Microsoft’s Windows Phone platform (currently Windows Phone 7) will grow markedly over the next four years to become the #2 smartphone platform by 2015, according to research firm IDC, behind Android at #1 and ahead of Apple’s iPhone, at #3. IDC believes that the alliance between Microsoft and Nokia, which has chosen Windows Phone 7 to replace its own Symbian OS on smartphones, will bear much fruit for both companies, reversing years of steady market share loss.
“Up until the launch of Windows Phone 7 last year, Microsoft has steadily lost market share while other operating systems have brought forth new and appealing experiences,” Ramon Llamas, senior research analyst with IDC’s Mobile Devices Technology and Trends team, said in a statement. “The new alliance brings together Nokia’s hardware capabilities and Windows Phone’s differentiated platform. We expect the first devices to launch in 2012. By 2015, IDC expects Windows Phone to be number 2 operating system worldwide behind Android.”
Astute readers will note that IDC’s projection include a new #1 for 2011, Android OS. The company said that Android will take over the top spot in global smartphone sales this year, replacing the aforementioned Symbian OS, which has held that spot for many years.
As you can see in the table below, IDC sees Apple’s market share slipping from 15.7% in 2011 to 15.3% in 2015. Over that time, however, the smartphone market as a whole will grow, and IDC believes Apple’s shipments will grow 18.8% year-over-year, outgrowing BlackBerry, but growing slower than Android and Windows Phone.
|Worldwide Smartphone Operating System Projections|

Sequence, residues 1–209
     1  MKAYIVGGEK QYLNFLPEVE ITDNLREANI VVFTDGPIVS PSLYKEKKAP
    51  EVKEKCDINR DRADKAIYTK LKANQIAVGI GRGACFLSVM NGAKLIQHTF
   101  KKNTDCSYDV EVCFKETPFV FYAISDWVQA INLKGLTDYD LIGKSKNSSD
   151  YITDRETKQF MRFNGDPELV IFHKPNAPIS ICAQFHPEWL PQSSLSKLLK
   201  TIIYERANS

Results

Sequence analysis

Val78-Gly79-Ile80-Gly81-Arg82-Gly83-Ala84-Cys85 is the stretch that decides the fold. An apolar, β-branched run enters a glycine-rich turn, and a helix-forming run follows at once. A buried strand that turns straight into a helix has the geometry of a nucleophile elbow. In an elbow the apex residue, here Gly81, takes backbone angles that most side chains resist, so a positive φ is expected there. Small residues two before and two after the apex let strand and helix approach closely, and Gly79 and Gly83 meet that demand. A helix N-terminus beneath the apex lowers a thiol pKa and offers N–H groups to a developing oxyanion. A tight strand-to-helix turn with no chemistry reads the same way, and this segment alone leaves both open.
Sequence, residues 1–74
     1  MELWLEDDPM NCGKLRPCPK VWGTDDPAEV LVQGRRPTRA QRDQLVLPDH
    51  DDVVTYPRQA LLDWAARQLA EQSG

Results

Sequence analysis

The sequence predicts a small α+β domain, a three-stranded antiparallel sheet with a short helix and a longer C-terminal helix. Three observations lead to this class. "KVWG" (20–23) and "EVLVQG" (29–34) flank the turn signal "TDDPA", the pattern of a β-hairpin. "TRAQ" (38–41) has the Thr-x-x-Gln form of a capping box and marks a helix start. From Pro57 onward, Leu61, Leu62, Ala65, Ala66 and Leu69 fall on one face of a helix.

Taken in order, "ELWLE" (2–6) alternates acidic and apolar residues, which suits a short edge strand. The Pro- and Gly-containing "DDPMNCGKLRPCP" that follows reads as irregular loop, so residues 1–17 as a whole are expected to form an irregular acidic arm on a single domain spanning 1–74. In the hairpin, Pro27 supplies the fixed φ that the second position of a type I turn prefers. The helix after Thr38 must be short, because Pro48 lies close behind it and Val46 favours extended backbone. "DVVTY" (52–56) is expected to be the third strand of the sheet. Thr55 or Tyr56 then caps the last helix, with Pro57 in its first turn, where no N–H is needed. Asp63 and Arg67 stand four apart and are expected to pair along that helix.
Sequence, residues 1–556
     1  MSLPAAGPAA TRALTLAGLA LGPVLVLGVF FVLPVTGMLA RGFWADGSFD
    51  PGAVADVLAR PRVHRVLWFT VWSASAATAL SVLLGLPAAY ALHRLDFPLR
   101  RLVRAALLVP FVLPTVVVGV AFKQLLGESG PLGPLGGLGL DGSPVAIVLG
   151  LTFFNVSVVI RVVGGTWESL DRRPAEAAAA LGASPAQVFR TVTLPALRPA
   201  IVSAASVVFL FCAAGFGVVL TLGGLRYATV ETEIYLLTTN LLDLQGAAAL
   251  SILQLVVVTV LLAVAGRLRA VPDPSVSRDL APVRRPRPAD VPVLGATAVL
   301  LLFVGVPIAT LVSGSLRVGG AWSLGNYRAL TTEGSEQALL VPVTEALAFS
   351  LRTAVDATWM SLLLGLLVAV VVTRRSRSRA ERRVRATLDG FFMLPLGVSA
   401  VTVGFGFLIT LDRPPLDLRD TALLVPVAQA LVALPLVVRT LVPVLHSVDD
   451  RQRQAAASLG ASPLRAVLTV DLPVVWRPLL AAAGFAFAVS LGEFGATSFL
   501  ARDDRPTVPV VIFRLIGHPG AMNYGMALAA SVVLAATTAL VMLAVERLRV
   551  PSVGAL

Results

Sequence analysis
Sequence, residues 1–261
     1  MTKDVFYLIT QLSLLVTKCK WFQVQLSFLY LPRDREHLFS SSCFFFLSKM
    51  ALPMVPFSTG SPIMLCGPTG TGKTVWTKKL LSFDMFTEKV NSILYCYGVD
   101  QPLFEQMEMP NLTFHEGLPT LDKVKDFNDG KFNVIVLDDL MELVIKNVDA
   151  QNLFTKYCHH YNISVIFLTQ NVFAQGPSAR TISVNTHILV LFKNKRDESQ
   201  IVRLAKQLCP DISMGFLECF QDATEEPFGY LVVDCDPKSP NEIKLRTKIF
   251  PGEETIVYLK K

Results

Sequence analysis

|2011 Market Share Projections||2015 Market Share Projections||
Compound Annual Growth Rate|
2.) Windows Phone 7/Windows Mobile
5.) Windows Phone 7/Windows Mobile
A casual look at those numbers suggests that IDC’s premise appears to be that Windows Phone 7 and its successors will be able to simply replace all the market share that Nokia currently owns (or will own by the end of 2011, as Nokia’s share is technically higher than IDC’s 2011 projections) with Symbian-powered devices.
A not-too-careful assessment of that premise, however, may leave you scratching your head. Windows Phone 7 has only lost market share for Microsoft since its release, and Nokia’s own share has been plummeting faster than a BSOD bringing down a PC. How the two companies will combine to make something more than just the sum of their respective parts is not something IDC is explaining.
Still, Nokia’s mind share and market presence throughout the rest of the world is not something any observer should dismiss. The company is dominant in both feature phones and smartphones in almost every market in which it competes outside the U.S. While that dominance has steadily declined, as mentioned above, it’s feasible that Nokia’s hardware and Microsoft’s software will somehow combine to get consumer interest in those markets where Nokia has historically performed so well.